Currently, the Kingdom’s transport sector consumes over 21 per cent of the Kingdom’s total energy per annum.

The Kingdom has two major local investments in EVs: Ceer, Saudi Arabia’s homegrown EV brand that will contribute to Saudi Arabia’s automotive manufacturing sector; and Lucid, a US EV company in which PIF has over a 60 per cent stake.

Ceer Motors, a joint venture between PIF and Hon Hai Precision Industry (Foxconn), was launched in 2022 by the Crown Prince. With a production target of 170,000 cars a year, Ceer is expected to create up to 30,000 direct and indirect jobs in the region, and directly contribute $8 billion to Saudi Arabia’s GDP by 2034.

In February, James DeLuca, Ceer CEO, said building a state-of-the-art EV manufacturing cluster would attract international OEMs and tier-one suppliers to the Kingdom.

This influx of tech and innovation, that will form the basis of the country’s automotive industry, will create tens of thousands of high-tech jobs in the Kingdom, primarily for young Saudi nationals, he said at the second annual LEAP conference

According to reports, the company has spent $96 million on an industrial plot at King Abdullah Economic City (KAEC) to host an EV manufacturing factory.

Ceer will sell a range of vehicles for consumers both in the country and the Middle East and North Africa region. The first units are expected to become available in 2025.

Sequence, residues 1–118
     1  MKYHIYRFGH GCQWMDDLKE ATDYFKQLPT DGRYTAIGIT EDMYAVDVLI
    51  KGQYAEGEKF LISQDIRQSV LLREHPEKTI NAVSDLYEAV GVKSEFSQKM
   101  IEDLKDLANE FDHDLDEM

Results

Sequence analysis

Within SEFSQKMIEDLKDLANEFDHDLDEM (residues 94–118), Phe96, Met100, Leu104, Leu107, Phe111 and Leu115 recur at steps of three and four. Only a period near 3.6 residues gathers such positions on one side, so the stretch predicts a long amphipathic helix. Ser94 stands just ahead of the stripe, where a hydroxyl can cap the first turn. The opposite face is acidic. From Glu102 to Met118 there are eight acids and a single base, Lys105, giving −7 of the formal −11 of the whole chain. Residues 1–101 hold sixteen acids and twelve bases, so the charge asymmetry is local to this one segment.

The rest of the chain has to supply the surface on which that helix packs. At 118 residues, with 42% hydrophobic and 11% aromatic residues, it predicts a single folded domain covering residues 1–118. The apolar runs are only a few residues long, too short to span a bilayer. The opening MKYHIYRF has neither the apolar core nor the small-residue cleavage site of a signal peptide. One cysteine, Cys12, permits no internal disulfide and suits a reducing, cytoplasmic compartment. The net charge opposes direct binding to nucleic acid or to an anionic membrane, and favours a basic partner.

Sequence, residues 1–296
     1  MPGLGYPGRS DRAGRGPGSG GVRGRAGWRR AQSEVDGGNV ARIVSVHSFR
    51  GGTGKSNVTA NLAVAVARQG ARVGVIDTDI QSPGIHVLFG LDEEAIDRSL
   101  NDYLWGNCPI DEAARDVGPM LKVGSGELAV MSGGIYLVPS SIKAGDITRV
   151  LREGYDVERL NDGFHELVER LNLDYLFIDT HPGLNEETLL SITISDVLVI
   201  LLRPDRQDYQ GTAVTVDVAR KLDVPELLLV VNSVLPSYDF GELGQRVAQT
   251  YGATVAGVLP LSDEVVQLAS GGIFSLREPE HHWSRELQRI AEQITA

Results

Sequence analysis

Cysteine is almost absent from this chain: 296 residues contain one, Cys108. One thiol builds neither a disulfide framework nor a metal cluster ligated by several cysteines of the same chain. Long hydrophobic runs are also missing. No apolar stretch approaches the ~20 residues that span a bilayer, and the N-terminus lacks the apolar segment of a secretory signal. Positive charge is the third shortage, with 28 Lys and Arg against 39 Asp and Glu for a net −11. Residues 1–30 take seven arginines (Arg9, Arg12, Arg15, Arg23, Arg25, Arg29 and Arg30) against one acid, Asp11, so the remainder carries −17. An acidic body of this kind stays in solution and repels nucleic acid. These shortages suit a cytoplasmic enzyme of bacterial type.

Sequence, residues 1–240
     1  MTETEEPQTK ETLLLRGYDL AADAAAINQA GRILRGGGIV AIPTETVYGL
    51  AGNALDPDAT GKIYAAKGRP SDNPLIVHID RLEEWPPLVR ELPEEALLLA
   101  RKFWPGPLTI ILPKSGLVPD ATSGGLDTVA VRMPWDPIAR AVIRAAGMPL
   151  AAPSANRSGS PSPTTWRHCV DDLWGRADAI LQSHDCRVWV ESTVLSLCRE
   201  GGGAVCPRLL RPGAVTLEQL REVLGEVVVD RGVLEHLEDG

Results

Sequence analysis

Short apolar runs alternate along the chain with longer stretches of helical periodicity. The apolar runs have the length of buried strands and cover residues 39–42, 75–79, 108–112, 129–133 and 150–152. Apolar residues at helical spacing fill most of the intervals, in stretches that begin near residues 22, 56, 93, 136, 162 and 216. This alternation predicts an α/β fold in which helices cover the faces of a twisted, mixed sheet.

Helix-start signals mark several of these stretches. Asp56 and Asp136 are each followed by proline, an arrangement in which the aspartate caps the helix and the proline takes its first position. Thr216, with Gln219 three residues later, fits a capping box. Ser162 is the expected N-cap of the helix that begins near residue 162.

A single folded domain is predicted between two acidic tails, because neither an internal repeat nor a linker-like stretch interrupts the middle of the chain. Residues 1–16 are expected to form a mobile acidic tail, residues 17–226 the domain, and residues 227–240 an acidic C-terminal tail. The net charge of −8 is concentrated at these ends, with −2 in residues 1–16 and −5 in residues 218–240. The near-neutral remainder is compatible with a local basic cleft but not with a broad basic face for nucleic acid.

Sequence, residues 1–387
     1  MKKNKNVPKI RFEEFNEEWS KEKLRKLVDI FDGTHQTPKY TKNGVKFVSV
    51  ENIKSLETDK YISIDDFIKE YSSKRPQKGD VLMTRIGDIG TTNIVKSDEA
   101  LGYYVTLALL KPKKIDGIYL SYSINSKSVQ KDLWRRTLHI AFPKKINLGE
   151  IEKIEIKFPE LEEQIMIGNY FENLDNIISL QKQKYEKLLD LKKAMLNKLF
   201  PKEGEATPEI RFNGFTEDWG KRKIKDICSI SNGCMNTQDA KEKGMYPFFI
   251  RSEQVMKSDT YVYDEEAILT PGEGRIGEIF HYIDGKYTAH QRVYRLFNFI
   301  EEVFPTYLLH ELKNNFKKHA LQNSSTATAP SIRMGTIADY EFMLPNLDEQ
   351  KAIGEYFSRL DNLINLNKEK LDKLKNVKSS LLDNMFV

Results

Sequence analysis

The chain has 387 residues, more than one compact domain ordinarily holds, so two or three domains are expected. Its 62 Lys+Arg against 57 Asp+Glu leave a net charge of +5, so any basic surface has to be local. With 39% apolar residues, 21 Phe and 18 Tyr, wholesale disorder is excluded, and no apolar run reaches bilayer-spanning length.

Separately, work on US manufacturer Lucid's Jeddah assembly plant began last year with re-assembly operations expected to begin in September, California-based Lucid said in a presentation.

The facility will see a peak production of up to 155,000 cars a year.

Saudi Arabia has remained a committed investor in Lucid, with PIF having invested around $3.6 billion in it since 2018.


No country can sustain its national economic plans without developing local talent. People must be at the heart of any national programme, and Saudi Arabia is placing great focus on preparing the population of the Kingdom, especially women and young people, to take the lead in its transformation initiatives.

The Kingdom has an extensive programme to develop the human capital and capacity that will be required to realize Saudi Vision 2030.

Abdullah Abuthnain, the Vice Minister, Saudi Ministry of Human Resources and Social Development said Saudi Arabia’s labour was presently in "a phase of big reforms," including eight strategic labour market themes and 25 development initiatives.

He said the strategy will benefit more than 200 professions, with skills councils establishing employment standards, as well as on-the-job training programmes, in important economic sectors.

Doing its part, Aramco has established 16 national training centres in 10 Saudi cities, covering more than 60 trades. To date, more than 48,000 Saudi nationals have graduated from these centres, said an Arab News report.


Underpinned by Vision 2030, the Kingdom’s localisation initiatives are focused on accelerating public-private partnerships and incentivising new investments. They will foster the formation of international partnerships and the establishment of new companies and industries in the Kingdom. These partnerships offer a world-class cluster of innovation that empowers lives through the conversion of lucrative business ideas and ventures that drive business, job creation, and national economic growth.

By Abdulaziz Khattak